Does anyone have some toast? Because Saturday night's event was oh-so jammy sweet! Bob Weir of the Grateful Dead and members of indie rock ensemble The National teamed up for an intimate show entitled "The Bridge Session" at Weir's TRI Studios in San Francisco, CA. Bridging the gap between east and west coasts, the band blended together beautifully for the special event benefiting voter registration group HeadCount.org. Yahoo! Music streamed the entire show live, so viewers could catch every juicy moment of classic rock goodness!
[ Photos: More images from Saturday night's show ]
With Weir front and center, the band launched into two hearty, head swaying sets of Grateful Dead tunes with the National's songs and covers of Bob Dylan's "Most of the Time" and Cass McCombs' "Love Thine Enemy" peppered in. For the encore, the band went acoustic, dimmed the lights and made the already intimate show even more so. Huddling the small audience around the band, the studio had an eyes-closed, feel-good sing-along of some of the Grateful Dead's biggest hits that must've had Deadheads watching the stream turn greener with envy.
The one-off supergroup consisted of Weir, Bryan and Scott Devendorf, and Aaron Dessner of The National, plus Brooklyn music scene cohorts Thomas Bartlett (a.k.a. Doveman), Sam Cohen (Yellowbirds), Josh Kaufman (Yellowbirds), Conrad Doucette (Takka Takka), Kyle Resnick (The National collaborator) and Walter Martin (the Walkmen). While the band may have had a noticeable abundance of players, no one got lost in a wall of sound.
"China Cat Sunflower" and "I Know You Rider" - From funk to blues, the seamless transition of the two songs live actually started in 1969, and (save two times) haven't separated since! Good to see the tradition alive and well, a must-see for any Deadhead.
The National's "Daughters Of The SoHo Riots" - Bob Weir takes lead vocals on the National song's from their 2005 album Alligator. Excellent choice for Weir--who has a beautiful guitar solo at 2:40--and a spectacular moment for the National!
"The Other One" - This is where you see the musicians really flex their jam muscles--one of the most rockin' points of the show.
"Uncle John's Band" - This is probably the coolest moment of the show, when the band gathered the crowd around them and had everyone sing along. It's always neat to see the barrier between performer and viewer come down (the people behind Weir are living!). And you can't help but think: This may never happen again, lucky audience!
After the show, Weir told Yahoo! Music, "I was surprised by how many instruments in the ensemble we could get music out of. Usually that many instruments in an ensemble and everybody's playing all the time it gets to be too thick … but these guys are good at leaving room for music to happen. And it did I thought."
Weir went on to say his experience working with members of the National and the other musicians "fell together rather sweetly. These guys are good players… I did a couple of their tunes, at their insistence. I learned 'em and loved 'em."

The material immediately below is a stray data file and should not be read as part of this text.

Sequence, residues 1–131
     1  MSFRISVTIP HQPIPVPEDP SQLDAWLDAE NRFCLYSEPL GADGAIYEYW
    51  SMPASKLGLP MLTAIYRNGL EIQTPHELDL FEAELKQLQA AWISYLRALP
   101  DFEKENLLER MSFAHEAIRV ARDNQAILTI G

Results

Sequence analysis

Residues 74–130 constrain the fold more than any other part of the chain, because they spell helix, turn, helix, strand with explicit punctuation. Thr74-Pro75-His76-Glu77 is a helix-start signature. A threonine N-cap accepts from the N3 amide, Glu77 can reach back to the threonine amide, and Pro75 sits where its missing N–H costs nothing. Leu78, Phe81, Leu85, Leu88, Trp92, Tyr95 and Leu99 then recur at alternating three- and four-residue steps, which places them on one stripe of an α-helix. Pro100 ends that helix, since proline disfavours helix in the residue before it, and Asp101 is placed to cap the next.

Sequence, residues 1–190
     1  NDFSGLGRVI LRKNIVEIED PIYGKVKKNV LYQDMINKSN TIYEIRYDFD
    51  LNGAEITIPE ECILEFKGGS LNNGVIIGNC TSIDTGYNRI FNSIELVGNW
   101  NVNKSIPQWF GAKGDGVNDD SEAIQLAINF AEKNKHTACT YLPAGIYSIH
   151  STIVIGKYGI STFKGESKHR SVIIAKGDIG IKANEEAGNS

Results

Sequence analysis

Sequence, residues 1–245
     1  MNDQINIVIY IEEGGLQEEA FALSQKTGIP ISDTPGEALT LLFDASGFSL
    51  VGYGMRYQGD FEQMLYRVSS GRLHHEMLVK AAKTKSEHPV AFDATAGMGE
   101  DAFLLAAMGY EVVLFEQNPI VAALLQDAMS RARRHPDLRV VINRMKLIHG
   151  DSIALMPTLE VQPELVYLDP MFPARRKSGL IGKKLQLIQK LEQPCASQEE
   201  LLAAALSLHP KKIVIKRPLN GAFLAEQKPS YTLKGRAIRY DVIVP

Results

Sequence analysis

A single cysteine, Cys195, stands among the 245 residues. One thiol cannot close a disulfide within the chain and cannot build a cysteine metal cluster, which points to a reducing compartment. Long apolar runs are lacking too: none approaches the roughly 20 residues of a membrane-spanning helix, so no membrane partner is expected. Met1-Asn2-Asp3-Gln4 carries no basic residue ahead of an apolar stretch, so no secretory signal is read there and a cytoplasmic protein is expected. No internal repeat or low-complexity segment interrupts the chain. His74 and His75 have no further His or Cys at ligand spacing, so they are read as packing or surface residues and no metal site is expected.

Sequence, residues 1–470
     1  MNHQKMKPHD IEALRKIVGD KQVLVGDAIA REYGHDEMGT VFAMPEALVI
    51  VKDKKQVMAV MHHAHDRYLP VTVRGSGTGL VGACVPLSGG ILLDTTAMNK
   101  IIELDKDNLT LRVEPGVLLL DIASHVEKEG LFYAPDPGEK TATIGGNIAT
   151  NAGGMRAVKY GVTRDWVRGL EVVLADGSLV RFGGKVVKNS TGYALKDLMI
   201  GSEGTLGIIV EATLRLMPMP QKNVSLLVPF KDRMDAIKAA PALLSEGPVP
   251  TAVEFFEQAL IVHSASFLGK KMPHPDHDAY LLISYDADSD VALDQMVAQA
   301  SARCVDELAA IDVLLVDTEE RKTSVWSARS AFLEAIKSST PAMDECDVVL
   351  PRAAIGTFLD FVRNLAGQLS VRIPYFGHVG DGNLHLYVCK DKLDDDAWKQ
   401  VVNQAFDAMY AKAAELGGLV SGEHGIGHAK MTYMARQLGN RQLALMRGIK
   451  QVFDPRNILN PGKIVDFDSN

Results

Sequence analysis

A rock legend playing your songs—can it get more epic than that?
"It was surreal," gushed the National bassist Scott Devendorf. "We've been huge fans for a very long time. That this actually came together was a little miraculous." On playing opposite Weir, Devendorf said, "It was really nice to see how down to earth Bob is. He's really dedicated and really hard working. We did ten to twelve-hour rehearsals for a couple days out here… he's got a real consistent thing. We started at noon and didn't finish till midnight."
How did the event come about? Bob Weir is a board member of Headcount.org, an organization that uses their love for music to spread social consciousness and to getting people to flex their voting power. Between sets, a lively panel discussion took place covering topics like personal freedom, money in politics, domestic energy production, women's rights, and how particularly crucial it is for young people to vote. Weir was joined by independent presidential candidate Buddy Roemer, No Labels co-founder Mark McKinnon, climate change activist Jessy Tolkan, and Grateful Dead lyricist and Electronic Frontier Foundation co-founder John Perry Barlow. Pulling from Twitter and Facebook, a few lucky fans even had their questions to Weir answered live! The most interesting tidbit Weir revealed was that while hanging out at San Francisco's exclusive Bohemian Club, he happened upon having drinks with the original head of the OSS (the agency which later became the CIA)!
And for you music superfans out there, here's the show's complete set list (share away!):
- Help On The Way
- Love Thine Enemy (Cass McCombs)
- Looks Like Rain
- El Paso
- Friend Of The Devil
- Daughters Of The SoHo Riots (The National)
- My Brother Esau
- Me + My Uncle
- Fake Empire (The National)
- Most Of The Time (Bob Dylan)
- Brown Eyed Woman
- The Other One
- Standing On The Moon
- I Know You Rider
- Uncle John's Band
- Brokedown Palace
- Exclusive! Bob Weir Talks To Y! Music About "The Bridge Session," Technology, And Letting The National Take The Lead
- SLIDESHOW: Bob Weir And The National's "Bridge Session"
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